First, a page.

Ben H. Winters
“Hey, Al. Come look at this one.”
Susan Wendt studied the screen of her MacBook while her husband, Alex, paused the DVR and walked over to the kitchen table. He read the Craigslist ad over her shoulder and delivered a quick verdict: “Bull crap.” He cracked his knuckles and scootched behind her to get to the fridge. “It’s total bull crap, baby.”
“Gotta be. You want?”
He held up a Brooklyn Lager by the neck and waggled it back and forth. Susan shook her head, scanning the Craigslist ad with a slight frown. Alex opened the beer and went to crouch beside her. “It’s one of those where the broker lures you in and then goes, ‘Oh
“But wait,” she said, pointing at the screen again. “It’s not a broker. See? ‘For rent by owner.’ ”
Alex raised his eyebrows skeptically, took a swallow of the beer, and wandered back to the TV.
Their apartment search, now two and a half months old, had been her thing more than his all along. He felt that their current place, a one-bedroom-plus-office-nook off Union Square, was perfect. Or, if not perfect, then at least perfectly fine. And the idea of moving, the logistics and the packing and the various expenditures — it all made him want to tear his own head off. Or so he rather vividly expressed it.
“Plus,” Alex had argued, “I’m not sure this is the time to jack up our rent.”
Susan had been calm but insistent: it
Alex had relented, and “just looking” rapidly escalated into a full-on search. Every evening that summer, after Emma had her bath and went to bed, while Alex settled in for his nightly dose of god-awful reality television, Susan trolled Craigslist and Rentals.com and the
They’d found places they loved for way too much, places in their price range that they hated, and, for occasional variety, places they couldn’t afford and hated anyway. Last weekend they’d schlepped all the way to Red Hook, riding the F train to Smith and Ninth and then the B61 the rest of the way. The apartment they’d seen there, a converted artists’ loft on Van Brunt Street, was Susan’s favorite so far. It was footsteps from Fairway, cater- corner from a hipster bakery famous for its salted-caramel tarts, and featured a master bedroom with a thin slice of East River view.
But the apartment was forty-five minutes from the city, and with no utilities included it was just north of their budget.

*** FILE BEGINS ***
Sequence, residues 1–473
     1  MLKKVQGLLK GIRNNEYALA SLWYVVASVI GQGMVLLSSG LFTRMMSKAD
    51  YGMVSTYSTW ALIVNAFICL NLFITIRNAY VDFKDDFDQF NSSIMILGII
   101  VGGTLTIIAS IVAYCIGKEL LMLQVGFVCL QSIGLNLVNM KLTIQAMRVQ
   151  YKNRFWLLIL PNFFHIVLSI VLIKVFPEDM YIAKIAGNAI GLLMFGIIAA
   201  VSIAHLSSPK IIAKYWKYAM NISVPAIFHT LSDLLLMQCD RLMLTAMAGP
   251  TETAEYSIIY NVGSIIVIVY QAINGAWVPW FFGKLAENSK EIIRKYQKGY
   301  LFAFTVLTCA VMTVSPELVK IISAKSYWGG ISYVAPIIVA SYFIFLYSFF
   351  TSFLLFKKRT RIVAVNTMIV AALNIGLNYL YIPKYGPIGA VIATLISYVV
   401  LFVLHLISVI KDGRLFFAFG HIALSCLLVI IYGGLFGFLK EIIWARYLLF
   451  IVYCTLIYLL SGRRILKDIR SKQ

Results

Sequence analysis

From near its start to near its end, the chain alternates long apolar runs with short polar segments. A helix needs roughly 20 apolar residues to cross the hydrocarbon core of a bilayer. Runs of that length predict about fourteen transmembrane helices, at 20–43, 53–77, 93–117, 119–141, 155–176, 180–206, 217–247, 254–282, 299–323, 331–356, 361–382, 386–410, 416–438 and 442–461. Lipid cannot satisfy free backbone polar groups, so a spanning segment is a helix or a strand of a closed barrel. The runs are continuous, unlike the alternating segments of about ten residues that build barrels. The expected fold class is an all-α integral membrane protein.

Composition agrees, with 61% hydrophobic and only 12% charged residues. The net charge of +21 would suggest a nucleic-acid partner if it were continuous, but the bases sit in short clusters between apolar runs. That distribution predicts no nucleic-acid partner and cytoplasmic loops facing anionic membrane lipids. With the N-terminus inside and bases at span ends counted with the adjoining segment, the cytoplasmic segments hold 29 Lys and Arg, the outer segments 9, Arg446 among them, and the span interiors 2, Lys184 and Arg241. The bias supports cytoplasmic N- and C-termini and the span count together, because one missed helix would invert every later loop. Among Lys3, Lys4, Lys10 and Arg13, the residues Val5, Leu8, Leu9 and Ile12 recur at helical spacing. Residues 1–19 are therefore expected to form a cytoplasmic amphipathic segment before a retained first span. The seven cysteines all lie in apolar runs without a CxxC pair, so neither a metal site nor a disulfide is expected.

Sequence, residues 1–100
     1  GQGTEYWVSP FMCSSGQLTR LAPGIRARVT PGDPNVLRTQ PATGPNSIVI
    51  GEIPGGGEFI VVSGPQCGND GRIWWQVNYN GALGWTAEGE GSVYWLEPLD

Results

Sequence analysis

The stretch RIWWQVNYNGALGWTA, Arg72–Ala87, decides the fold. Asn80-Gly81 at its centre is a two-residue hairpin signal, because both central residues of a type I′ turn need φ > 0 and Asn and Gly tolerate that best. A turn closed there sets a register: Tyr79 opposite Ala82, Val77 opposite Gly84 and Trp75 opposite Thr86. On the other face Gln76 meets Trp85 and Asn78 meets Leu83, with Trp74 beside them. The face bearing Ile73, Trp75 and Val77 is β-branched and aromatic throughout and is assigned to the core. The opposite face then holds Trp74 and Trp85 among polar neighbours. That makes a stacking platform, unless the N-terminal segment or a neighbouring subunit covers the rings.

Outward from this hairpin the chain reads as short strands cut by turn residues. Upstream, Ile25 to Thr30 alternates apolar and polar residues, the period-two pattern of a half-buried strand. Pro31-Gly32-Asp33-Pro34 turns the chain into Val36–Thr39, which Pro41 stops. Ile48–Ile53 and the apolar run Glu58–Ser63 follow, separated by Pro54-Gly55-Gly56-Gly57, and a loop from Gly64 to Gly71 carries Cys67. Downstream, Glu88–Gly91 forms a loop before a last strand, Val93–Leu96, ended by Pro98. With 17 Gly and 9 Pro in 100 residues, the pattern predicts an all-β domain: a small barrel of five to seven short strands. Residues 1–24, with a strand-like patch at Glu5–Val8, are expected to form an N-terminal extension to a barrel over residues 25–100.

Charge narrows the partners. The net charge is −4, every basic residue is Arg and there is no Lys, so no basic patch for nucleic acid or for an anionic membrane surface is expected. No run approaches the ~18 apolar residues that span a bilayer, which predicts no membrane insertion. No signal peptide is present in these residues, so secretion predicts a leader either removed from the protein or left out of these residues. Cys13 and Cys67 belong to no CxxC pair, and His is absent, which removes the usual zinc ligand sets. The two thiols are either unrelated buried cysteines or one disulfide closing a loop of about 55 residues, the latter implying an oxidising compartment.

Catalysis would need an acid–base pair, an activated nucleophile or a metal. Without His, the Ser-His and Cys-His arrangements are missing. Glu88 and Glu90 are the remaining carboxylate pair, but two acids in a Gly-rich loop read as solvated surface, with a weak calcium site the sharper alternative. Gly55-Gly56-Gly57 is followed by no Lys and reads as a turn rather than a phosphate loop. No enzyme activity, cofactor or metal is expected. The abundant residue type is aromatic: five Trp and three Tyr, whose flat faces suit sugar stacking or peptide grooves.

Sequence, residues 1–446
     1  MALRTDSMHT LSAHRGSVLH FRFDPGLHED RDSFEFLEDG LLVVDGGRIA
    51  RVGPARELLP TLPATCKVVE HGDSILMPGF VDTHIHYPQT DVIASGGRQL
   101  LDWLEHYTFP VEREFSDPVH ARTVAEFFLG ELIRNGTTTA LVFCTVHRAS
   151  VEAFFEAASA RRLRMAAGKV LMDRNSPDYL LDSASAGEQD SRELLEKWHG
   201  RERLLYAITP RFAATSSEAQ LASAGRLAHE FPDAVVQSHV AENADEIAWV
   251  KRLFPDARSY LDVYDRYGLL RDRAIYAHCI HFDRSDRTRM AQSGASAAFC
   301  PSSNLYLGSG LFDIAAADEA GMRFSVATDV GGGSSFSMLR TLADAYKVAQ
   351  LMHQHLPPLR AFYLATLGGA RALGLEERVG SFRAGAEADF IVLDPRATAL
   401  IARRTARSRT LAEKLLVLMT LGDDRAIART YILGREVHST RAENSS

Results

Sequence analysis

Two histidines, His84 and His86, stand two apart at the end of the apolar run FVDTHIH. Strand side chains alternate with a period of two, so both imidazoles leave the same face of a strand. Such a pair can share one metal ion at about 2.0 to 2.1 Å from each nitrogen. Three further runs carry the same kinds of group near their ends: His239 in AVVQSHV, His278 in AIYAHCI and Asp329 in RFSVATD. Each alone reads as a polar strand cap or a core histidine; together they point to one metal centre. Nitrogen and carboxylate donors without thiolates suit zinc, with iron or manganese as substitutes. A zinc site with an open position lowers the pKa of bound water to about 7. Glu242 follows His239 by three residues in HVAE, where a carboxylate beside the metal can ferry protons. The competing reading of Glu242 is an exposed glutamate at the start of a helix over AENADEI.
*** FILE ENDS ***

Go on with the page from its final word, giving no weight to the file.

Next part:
“We really can’t push it on price,” Alex said, shaking his head. “Especially with you not working right now.”
Susan had smiled tightly, hiding her deep disappointment at his veto. She’d been increasingly and painfully aware, as the apartment search continued, that she had little leverage on the question of cost. It was true — she
“Thirty-five-fifty?” Alex snorted, fast-forwarding through a commercial break. “Bull crap, baby. Guaranteed.”
When Alex, Susan, and Emma arrived on Cranberry Street a little before their scheduled appointment at 10:30 the next morning, Andrea Scharfstein was waiting for them on the top step of her front stoop, reading the Sunday
“Look at this! Right on time,” she said approvingly, glancing down at her watch. Susan unbuckled Emma and scooped her out so Alex could fold the Maclaren. “I like you people already.”
“Hi!” called Emma, climbing the tall steps with an exaggerated, marching stride, clinging to the banister. “I’m Emma.”
“Of course you are, dear! And a lovelier specimen of Emma I’ve never seen. Did you pick your name?”
“No!” Emma giggled. “My mama and dada picked it.”
“Good for them. My name is Andrea.”
Alex followed Emma, steadying her with a hand at the small of her back, while Susan lingered at the bottom, taking in the facade. The house at 56 Cranberry Street had steep concrete front steps, ascending from a little black wrought-iron gate to the oversized front door, which was painted in a rich and pleasing orangey red. Surrounding the stoop was a front garden, overgrown with azaleas, crab grass, and small flowering trees. The house itself was red brick, with wooden shutters framing neat lines of windows, three per floor. There were window boxes, growing what looked like herbs, in the windows of the first-floor apartment — Andrea’s apartment.
“You folks move quickly, I’ll give you that,” said Andrea Scharfstein, shaking their hands briskly. “You called maybe five minutes after I wrote that ad. Or what am I supposed to say? After I ‘posted’ it. Anyway, ten minutes, at the most.” Andrea’s hand in Susan’s was dry and papery. She spoke quickly, with a voice that was thin and the slightest bit gravelly, like she was on the verge of a cough. Beneath the bushy mass of hair, her face was a map of small lines and spots — from her face and body, which was slight and stooped, Susan would have put Andrea at seventy or older. But there was a sharpness and snap about her movements, a vigor that defied her physical appearance.